2007: Universal Search spices up SERPs

In 2007, the implementation of Universal Search made SERPs a lot more exciting. Universal Search is a huge opportunity for brands who may not rank in the top spot organically, but have great content for images, reviews, local pack, or ‘people also ask’ results. They provide a better experience for users, and more opportunities for brands to appear.

Google Turns 25 - Universal Search - 21.09.2023

2008: Chrome centralises web activity

In 2008, Google launched what would become an absolute goldmine in user insights. Chrome, Google’s own web browser which accounts for 63.56% of the world’s browser usage. Chrome gives users a better browser experience by remembering search and internet activity, which has the double purpose of winning Google a wealth of insight on user activity and cross-website journeys. It’s no wonder the general population fear advertisers!

2011: Google+ is launched…. Then dies 8 years later

Not everything from Google has been a hit. In 2011, Google+ looked to be a game-changer for social media, providing a more exclusive space that had a professional edge, and would have brought new paid social opportunities for advertisers. Unfortunately, after struggling to maintain an engaged user base, Google folded this element of their offering in 2019. Will Zuckerburg’s efforts with Threads prove any more successful?

2016: Google Home tackles voice search

In one of the more recent big shake ups for home technology, Google launched the Google Home in 2016, joining Amazon’s Echo in the home-assistant market. With voice search usually only returning the very top result, this move meant advertisers and marketers felt the pressure to rank in ‘position zero’, using Universal Search opportunities.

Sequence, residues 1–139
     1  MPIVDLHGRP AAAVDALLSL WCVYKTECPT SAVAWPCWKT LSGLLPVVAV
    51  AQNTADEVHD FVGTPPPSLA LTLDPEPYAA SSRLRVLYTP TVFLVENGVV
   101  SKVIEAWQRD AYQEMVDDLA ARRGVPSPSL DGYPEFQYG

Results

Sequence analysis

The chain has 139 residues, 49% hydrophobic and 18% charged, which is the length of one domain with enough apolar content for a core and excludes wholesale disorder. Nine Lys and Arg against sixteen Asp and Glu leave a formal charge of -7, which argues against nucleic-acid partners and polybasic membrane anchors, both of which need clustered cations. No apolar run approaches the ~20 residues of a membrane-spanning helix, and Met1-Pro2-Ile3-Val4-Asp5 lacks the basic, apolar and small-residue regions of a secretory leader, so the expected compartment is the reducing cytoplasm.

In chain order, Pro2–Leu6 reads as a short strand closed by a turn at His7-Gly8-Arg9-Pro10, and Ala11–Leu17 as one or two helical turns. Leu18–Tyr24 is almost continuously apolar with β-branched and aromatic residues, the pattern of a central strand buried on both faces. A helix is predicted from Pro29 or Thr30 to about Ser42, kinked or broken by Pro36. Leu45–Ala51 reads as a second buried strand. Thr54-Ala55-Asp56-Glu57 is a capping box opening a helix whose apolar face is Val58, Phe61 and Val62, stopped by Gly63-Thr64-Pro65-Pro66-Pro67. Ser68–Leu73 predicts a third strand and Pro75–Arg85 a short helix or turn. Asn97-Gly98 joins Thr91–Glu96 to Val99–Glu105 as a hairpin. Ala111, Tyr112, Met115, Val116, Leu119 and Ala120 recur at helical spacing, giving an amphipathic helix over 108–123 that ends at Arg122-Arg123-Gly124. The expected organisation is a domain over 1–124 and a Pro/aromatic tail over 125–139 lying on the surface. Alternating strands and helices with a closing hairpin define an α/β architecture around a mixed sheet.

2021: Performance Max changes the paid search game

In 2021, we saw Performance Max enter Google Ads’ arsenal of ad types. Combining machine learning with the ability to appear on the full Google network from one campaign, Performance Max unifies all previous elements and opportunities to advertise through Google’s properties. Want to know more about how to get set up with P-Max? Download our Performance Max eBook for a complete guide to the basics!

2023: [Bard enters]

One of Google’s most recent developments comes in the form of Bard – an AI language model set to rival ChatGPT. Though the launch was marred by an inaccurate answer, Bard is still set to be a great free, research alternative to ChatGPT, providing up to date information from across the full web.

Naturally, the above list is non-exhaustive, due to the sheer volume of pioneering developments from Google (and parent company, Alphabet). From Android being (arguably) the only true rival for Apple's iOS mobile software, to Google Shopping, and Gmail, Google's expansion into (nearly) all facets of online life has moulded the path of digital marketers like no other company. And that's not to mention the numerous 'just for fun' developments that we love to unearth!


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Photo by Lauren Edvalson on Unsplash